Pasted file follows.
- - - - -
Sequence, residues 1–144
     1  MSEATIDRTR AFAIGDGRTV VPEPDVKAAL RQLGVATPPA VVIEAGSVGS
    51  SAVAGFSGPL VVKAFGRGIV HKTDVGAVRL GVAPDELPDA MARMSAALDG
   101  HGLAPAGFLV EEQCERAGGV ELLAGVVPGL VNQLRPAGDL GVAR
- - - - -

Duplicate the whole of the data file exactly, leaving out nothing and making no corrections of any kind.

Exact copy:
Sequence, residues 1–144
     1  MSEATIDRTR AFAIGDGRTV VPEPDVKAAL RQLGVATPPA VVIEAGSVGS
    51  SAVAGFSGPL VVKAFGRGIV HKTDVGAVRL GVAPDELPDA MARMSAALDG
   101  HGLAPAGFLV EEQCERAGGV ELLAGVVPGL VNQLRPAGDL GVAR